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Gardening Answers Knowledgebase


Knowledgebase record #272


Hardy Heathers from the Northern Hemisphere by E. Charles Nelson, 2011

Reviewed by: Brian Thompson
Review date: 2016-07-01

Hardy Heathers cover

“Hardy Heathers from the Northern Hemisphere” is one of the monographs in a series published by the Royal Botanic Gardens, Kew. As do the others in this series, this book contains beautiful artwork. Many of the paintings were done by Christabel King, a highly regarded English botanical artist, for a 1980s proposed monograph that was never published. These paintings typically include multiple specimens, in combinations that were chosen for their artistic merit but not always their botanical relationships. Many other illustrations are even more historical, dating back as far as the 16th century.

While this detracts a bit from the overall organization, it does make this book visually rich. In addition to the paintings, there are excellent photographs of habitat and flower close-ups, lots of range maps, and very detailed diagrams – I never knew the tiny bits of a heather or heath could be so fascinating!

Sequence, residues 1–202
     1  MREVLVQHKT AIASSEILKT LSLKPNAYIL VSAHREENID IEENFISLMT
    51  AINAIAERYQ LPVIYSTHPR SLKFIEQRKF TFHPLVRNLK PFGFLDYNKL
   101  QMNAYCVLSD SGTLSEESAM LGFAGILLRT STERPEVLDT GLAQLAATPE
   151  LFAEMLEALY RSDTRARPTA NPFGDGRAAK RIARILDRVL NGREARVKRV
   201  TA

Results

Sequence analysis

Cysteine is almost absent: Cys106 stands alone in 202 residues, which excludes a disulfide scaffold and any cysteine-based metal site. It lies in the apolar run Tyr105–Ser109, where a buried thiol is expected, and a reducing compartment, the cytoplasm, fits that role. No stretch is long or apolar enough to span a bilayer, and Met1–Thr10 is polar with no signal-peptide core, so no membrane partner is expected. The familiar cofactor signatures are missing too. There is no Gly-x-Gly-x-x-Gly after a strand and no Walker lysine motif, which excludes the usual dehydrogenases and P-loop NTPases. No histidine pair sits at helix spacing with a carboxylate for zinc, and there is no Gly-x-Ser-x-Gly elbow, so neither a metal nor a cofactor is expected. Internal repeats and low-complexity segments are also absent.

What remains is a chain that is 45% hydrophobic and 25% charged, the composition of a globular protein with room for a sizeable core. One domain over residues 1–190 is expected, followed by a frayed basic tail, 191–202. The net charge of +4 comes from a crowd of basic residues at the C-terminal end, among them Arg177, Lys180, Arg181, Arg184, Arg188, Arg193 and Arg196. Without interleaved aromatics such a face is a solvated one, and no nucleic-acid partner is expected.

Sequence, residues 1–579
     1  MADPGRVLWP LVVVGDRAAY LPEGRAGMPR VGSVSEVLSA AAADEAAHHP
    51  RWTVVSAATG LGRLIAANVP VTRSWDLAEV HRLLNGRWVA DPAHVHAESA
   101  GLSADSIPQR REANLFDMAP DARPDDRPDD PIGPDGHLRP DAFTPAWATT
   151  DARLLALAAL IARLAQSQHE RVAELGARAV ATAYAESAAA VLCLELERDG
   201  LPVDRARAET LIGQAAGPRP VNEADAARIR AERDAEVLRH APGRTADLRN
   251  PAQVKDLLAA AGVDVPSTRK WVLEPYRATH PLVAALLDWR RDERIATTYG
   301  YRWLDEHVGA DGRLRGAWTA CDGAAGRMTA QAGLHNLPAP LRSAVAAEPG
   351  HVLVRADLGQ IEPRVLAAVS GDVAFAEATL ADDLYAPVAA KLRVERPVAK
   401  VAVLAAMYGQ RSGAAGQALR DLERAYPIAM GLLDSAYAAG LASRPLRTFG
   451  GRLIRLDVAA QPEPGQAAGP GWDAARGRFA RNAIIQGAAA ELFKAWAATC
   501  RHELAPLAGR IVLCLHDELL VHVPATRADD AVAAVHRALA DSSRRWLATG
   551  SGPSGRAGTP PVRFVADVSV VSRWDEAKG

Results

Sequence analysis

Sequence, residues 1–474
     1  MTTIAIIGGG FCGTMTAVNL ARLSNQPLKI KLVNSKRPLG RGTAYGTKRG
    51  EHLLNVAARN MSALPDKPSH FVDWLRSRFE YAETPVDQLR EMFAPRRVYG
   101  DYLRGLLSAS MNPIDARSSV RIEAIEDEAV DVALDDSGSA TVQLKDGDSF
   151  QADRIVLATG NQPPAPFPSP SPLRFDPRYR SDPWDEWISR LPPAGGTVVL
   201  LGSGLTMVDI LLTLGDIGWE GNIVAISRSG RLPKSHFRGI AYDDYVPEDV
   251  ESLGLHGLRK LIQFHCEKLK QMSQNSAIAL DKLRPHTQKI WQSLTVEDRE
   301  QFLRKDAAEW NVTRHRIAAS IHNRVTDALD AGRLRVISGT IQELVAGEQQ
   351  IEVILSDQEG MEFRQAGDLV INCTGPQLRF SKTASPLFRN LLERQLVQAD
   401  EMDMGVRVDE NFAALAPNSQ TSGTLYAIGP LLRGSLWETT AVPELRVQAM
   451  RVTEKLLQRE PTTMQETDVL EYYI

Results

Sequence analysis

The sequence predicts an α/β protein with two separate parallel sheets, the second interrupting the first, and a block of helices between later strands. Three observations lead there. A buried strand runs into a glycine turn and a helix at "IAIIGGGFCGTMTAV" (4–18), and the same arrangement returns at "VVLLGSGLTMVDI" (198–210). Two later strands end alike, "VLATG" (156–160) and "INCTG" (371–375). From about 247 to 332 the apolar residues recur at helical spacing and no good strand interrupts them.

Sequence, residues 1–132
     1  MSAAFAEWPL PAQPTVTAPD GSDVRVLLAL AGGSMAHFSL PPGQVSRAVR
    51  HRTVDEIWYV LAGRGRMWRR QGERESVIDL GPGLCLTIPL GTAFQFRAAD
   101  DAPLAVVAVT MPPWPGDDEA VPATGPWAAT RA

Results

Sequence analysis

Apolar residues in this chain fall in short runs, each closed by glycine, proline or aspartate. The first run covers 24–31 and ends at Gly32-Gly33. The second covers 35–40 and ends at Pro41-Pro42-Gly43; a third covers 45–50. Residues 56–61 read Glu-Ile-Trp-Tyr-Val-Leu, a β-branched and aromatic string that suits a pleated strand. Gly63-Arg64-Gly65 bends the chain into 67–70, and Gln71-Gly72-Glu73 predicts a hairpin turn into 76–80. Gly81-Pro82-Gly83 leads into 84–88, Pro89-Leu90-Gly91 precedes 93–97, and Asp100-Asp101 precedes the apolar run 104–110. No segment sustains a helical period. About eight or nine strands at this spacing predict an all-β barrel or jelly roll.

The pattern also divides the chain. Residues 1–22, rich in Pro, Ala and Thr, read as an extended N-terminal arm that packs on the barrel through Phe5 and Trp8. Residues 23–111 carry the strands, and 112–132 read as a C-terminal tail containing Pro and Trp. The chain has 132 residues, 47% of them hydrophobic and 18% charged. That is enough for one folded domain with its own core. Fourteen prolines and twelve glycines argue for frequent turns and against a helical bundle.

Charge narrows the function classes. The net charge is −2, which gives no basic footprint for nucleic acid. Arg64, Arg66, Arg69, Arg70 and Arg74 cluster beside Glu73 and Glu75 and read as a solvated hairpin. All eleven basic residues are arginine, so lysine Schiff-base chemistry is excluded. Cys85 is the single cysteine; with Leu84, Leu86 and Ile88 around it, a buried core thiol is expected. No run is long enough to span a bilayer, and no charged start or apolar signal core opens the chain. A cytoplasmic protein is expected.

Author E. Charles Nelson includes the genera Calluna, Daboecia, and Erica in his broad definition of “heather” and has a great deal of curiosity for the range of forms of his subject and is eloquent in his language: “…gardeners have an ineluctable fascination with the anomalous, even the monstrous and bizarre…” Although he considers his interests to be primarily botanical and historical, there is a lengthy appendix of award-winning cultivars and cultivations notes are liberally sprinkled throughout.

His history is perhaps some of the most interesting. Have you ever wondered if a white heather was lucky? Many have, and Nelson gives a thorough review of the history behind this idea.

Excerpted from the Summer 2016 Arboretum Bulletin.


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